Wednesday, March 22, 2017
Perceptions of District Efficiency May Vary Depending on Which Measures Are Used in Expenditure-to-Performance Ratios
Districts across the county are seeking ways to increase efficiency by maintaining, if not improving, educational outcomes using fewer resources. This report from explores expenditure-to-performance ratios (for example, a ratio of per pupil expenditures to student academic performance) as a proxy measure of district efficiency.
The report shows how conclusions about districts’ use of resources may differ depending on the measures used to calculate expenditure-to-performance ratios. Using example data from a state education department, the study created six expenditure-to-performance ratios and found that districts’ ranking among the top 25 districts in the state varied according to the expenditure and performance measures used to calculate each ratio. Almost half the 98 districts appeared in the top 25 districts under at least one of the six ratios. The 8 districts appearing in the top 25 under all six ratios did not vary systematically from the others in locale, number of students enrolled, or student poverty status.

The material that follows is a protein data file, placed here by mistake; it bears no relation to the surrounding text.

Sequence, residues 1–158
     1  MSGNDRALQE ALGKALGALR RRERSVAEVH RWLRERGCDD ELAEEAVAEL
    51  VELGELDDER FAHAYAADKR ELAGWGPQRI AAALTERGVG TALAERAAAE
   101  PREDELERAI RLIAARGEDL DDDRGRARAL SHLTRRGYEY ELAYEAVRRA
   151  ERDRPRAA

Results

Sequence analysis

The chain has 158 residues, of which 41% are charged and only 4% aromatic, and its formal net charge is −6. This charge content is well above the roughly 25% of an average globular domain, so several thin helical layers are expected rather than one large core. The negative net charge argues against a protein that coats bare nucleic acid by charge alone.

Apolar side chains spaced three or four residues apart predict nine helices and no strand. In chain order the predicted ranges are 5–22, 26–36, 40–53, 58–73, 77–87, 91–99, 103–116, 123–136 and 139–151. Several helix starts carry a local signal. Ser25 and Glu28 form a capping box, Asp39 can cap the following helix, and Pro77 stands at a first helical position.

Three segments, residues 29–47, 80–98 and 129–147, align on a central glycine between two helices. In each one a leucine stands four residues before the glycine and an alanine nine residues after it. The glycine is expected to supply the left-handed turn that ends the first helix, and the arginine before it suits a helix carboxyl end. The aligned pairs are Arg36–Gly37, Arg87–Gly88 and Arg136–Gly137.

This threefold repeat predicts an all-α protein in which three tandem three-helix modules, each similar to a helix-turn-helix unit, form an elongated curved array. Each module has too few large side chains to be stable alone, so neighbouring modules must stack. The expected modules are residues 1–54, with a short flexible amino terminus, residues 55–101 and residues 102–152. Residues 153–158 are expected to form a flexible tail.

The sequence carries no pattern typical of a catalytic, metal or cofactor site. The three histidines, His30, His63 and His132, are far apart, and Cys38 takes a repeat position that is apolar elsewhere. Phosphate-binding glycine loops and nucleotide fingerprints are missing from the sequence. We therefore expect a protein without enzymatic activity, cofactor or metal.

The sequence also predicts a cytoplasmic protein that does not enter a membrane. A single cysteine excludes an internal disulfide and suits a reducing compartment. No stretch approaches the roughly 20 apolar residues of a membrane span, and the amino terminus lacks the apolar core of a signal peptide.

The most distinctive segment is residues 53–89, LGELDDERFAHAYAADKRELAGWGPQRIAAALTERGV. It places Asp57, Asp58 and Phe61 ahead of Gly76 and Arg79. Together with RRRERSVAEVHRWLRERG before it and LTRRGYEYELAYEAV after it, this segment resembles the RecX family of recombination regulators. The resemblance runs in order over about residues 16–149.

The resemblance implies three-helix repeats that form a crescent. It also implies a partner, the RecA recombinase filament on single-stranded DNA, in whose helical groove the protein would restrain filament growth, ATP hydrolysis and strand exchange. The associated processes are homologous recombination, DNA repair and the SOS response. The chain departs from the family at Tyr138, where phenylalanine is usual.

The study suggests that policymakers investigating district efficiency should carefully consider what expenditure and performance measures are most relevant to their questions of interest.